- 1971: The fourth-generation Riviera was introduced in 1971, and it featured a new, more angular design that was a departure from the previous generation’s curves. The 1971 Riviera also had a more powerful engine than the previous year, with a 455 cubic inch V8 that produced 315 horsepower. The 1971 Riviera is often praised for its combination of luxury and performance.
- 1985: The fifth-generation Riviera was introduced in 1979, but it wasn’t until 1985 that it received a major update. The 1985 Riviera featured a new front-wheel drive platform, which improved handling and overall performance. It also had a more modern, aerodynamic design that was a departure from the previous generation’s boxy styling.
- 1995: The final year of production for the Riviera was 1999, but the 1995 model is often considered one of the best. It featured a supercharged V6 engine that produced 225 horsepower, which was a significant improvement over the previous year’s model. The 1995 Riviera also had a more refined interior and improved handling, making it a great option for anyone looking for a luxury coupe with some serious performance chops.
Overall, while these years may not be the absolute best for the Buick Riviera, they are still worth considering for anyone looking for a great luxury coupe with plenty of style and performance.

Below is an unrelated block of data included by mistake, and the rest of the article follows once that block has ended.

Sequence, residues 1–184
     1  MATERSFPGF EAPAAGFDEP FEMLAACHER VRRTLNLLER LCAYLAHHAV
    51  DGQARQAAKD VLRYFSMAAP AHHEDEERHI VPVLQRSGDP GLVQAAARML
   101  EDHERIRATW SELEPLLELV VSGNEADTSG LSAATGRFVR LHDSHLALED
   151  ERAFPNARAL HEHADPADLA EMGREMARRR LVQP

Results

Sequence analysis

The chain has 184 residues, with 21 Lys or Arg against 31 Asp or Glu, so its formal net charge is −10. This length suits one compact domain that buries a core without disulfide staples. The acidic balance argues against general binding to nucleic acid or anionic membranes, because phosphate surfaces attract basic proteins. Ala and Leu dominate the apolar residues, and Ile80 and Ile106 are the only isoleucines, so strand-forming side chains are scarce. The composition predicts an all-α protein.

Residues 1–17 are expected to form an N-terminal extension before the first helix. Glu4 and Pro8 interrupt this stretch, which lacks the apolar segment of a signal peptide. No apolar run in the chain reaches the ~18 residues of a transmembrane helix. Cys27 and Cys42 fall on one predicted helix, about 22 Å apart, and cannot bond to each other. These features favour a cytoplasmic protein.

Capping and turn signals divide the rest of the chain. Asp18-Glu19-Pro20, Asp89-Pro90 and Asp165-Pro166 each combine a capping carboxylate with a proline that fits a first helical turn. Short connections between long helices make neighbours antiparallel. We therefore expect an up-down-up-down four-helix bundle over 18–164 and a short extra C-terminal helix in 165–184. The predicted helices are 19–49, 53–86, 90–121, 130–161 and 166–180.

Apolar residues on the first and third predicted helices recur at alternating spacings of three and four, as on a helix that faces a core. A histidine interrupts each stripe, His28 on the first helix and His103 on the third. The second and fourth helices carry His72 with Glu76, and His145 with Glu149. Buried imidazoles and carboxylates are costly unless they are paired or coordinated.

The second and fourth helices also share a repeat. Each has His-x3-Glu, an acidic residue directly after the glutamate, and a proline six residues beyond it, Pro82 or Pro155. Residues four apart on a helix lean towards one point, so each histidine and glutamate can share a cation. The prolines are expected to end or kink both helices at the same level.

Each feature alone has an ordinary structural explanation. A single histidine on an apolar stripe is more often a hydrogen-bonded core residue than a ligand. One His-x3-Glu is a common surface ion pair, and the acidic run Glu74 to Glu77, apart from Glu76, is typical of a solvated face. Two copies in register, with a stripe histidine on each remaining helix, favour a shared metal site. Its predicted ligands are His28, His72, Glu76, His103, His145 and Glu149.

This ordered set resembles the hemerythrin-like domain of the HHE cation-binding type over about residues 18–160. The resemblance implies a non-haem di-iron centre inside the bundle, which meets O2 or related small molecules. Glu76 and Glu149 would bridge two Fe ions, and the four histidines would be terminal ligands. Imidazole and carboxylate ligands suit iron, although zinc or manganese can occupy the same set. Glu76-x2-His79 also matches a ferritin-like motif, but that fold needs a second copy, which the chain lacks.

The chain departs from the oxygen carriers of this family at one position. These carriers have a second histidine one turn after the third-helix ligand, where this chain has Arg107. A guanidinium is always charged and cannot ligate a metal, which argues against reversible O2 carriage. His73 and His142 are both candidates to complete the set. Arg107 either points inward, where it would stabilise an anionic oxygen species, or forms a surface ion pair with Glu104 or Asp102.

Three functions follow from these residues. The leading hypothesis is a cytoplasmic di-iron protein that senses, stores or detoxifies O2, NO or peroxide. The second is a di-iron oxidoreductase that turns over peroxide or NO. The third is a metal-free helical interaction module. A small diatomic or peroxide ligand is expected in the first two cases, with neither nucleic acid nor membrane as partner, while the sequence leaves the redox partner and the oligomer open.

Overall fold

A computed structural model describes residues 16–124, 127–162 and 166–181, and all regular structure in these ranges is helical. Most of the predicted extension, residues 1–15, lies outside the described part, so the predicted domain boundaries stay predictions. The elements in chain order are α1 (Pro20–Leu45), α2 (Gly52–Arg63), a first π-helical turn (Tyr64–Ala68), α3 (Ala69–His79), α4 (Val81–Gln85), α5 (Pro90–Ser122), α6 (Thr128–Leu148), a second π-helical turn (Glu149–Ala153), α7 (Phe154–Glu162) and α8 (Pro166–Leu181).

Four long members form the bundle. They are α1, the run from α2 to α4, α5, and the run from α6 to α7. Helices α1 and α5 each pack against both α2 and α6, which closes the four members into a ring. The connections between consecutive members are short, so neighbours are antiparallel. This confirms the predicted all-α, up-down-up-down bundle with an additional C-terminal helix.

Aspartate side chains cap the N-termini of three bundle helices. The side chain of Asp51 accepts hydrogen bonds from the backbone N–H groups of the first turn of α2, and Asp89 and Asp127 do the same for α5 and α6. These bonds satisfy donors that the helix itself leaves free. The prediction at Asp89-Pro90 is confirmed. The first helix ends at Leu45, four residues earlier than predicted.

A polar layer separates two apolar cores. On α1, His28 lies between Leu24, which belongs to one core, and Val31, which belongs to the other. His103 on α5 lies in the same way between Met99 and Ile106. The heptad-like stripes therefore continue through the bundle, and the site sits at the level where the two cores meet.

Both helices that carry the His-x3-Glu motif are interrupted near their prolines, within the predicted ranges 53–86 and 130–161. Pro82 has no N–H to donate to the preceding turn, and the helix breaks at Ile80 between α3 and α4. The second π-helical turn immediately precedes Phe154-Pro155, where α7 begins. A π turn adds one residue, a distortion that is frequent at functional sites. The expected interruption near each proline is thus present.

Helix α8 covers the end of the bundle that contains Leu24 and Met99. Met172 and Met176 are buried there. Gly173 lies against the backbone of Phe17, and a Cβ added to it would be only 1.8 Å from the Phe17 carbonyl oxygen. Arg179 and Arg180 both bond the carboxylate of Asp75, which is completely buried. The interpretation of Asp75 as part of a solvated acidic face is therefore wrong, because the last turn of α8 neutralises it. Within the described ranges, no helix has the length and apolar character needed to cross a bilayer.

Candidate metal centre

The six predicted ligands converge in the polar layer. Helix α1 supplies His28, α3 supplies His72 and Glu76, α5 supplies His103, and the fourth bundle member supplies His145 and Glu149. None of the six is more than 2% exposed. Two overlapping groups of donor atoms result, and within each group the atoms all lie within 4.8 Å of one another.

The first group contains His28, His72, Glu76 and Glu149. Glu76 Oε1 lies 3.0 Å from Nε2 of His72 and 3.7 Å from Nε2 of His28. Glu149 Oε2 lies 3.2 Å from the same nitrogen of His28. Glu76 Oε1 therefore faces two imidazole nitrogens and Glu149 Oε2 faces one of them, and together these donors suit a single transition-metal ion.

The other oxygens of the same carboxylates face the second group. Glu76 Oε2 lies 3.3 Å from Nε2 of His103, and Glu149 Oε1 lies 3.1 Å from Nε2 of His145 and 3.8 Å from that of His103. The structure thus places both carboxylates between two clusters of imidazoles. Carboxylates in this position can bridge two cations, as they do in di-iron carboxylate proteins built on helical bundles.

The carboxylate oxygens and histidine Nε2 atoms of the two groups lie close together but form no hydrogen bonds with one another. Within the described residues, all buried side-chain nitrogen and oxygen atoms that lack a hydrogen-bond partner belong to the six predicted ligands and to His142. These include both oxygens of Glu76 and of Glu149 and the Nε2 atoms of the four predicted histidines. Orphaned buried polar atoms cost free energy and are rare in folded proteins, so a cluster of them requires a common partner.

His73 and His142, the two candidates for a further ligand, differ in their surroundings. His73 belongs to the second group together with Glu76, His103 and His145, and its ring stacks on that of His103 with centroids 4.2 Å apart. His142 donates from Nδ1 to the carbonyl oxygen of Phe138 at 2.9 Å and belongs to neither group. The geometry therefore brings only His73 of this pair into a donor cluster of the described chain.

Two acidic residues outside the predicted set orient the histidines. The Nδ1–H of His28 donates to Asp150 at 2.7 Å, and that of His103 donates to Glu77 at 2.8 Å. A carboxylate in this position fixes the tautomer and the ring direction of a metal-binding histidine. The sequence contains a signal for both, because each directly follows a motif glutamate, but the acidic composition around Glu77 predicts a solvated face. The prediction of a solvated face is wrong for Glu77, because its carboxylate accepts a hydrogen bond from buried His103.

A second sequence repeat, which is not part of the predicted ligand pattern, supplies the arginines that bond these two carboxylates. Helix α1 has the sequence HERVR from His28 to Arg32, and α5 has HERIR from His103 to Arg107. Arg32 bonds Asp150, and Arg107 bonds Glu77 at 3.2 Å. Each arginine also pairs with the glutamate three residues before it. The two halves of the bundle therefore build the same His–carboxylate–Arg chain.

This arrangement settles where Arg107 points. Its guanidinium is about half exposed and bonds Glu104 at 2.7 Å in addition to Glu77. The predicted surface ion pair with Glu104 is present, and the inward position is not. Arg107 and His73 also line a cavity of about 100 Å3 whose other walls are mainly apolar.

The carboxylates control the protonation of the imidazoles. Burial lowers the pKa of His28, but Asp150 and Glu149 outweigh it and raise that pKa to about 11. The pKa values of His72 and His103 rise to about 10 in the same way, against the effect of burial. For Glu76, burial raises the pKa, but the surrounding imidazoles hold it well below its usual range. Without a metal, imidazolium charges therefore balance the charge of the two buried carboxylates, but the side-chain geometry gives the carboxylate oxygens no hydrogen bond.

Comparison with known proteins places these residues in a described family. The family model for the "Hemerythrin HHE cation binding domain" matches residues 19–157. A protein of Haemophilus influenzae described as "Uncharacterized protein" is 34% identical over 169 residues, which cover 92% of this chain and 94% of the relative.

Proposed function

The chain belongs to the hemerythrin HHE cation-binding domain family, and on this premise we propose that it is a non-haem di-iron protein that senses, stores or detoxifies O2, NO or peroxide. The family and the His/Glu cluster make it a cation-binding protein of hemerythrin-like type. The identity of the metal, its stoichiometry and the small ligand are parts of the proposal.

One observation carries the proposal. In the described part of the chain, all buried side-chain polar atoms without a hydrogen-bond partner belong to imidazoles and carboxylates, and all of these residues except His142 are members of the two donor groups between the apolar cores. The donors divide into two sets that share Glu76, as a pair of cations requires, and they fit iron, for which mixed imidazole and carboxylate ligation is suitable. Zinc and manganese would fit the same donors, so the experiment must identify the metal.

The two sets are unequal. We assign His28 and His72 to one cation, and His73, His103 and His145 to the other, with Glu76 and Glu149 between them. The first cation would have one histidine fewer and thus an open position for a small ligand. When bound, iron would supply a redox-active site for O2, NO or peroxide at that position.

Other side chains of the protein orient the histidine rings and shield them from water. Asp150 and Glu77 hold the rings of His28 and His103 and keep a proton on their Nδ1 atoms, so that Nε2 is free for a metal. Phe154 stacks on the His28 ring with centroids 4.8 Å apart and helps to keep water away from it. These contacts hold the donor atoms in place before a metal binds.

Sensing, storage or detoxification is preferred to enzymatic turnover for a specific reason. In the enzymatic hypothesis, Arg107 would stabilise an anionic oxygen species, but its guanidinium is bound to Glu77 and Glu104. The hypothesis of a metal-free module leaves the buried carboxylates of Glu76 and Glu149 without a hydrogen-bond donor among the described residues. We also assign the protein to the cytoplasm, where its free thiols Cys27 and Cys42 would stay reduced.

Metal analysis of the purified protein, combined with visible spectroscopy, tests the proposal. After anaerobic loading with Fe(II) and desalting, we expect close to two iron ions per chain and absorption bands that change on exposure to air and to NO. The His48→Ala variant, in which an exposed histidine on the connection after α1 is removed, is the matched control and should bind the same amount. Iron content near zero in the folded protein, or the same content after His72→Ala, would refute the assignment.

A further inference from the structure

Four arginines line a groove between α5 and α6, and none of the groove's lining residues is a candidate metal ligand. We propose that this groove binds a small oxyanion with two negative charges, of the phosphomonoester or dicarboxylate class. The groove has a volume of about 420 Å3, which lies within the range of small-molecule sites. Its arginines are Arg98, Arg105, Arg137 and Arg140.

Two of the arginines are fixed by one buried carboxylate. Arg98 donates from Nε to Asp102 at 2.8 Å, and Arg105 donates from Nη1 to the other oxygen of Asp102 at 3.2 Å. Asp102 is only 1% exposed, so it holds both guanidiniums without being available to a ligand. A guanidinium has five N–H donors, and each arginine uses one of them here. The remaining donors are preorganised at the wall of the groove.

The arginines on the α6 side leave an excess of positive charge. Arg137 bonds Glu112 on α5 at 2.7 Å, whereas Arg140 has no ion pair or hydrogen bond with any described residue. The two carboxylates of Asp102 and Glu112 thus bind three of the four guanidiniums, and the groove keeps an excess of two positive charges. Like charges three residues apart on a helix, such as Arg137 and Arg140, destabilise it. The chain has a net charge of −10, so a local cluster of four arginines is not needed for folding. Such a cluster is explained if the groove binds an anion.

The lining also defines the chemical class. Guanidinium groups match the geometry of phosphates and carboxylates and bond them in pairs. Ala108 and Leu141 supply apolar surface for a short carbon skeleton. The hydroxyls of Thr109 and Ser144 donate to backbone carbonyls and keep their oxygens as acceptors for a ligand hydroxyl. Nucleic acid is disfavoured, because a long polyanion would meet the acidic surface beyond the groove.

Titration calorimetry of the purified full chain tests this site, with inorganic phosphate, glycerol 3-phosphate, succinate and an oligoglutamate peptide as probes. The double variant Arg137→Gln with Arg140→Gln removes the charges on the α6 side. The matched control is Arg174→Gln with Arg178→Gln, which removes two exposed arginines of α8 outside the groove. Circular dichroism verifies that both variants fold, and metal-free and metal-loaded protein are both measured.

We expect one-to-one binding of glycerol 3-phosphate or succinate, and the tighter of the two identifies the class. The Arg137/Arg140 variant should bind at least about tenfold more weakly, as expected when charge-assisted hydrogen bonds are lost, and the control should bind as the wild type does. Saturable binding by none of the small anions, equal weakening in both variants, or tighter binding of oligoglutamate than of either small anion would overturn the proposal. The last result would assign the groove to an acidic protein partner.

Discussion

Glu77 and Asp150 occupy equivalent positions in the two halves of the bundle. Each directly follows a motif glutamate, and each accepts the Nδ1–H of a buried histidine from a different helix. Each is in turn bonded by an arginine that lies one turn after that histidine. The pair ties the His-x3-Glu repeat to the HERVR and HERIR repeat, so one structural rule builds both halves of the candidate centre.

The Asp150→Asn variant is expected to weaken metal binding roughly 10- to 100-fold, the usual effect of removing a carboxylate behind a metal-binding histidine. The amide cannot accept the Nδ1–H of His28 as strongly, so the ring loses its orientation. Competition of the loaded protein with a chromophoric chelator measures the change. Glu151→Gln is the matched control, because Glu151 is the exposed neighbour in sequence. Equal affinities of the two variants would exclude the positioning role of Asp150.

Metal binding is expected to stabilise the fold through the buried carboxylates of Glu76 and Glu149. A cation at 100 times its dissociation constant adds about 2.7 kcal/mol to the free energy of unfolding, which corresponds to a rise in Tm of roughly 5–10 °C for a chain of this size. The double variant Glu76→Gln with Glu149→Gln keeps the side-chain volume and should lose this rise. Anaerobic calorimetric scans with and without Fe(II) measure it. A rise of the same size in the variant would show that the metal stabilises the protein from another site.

The Worst Year
The 1995 Buick Riviera is considered the worst year for this model. While it had a sleek exterior design and a comfortable interior, it was plagued with issues that affected its overall performance and reliability.
Other Bad Years
- 1974: This year saw the introduction of the downsized Buick Riviera, which was a departure from the previous models in terms of size and styling. The car was less luxurious and had a boxy design that was not well-received by consumers. It also had a smaller engine and lower horsepower, which affected its performance.
- 1986: The 1986 Buick Riviera was plagued with electrical issues that caused the car to stall and shut off unexpectedly. This was a major safety concern and led to a recall of over 100,000 vehicles. The car also had a poor fuel economy and lacked the luxury features that were expected from a Buick.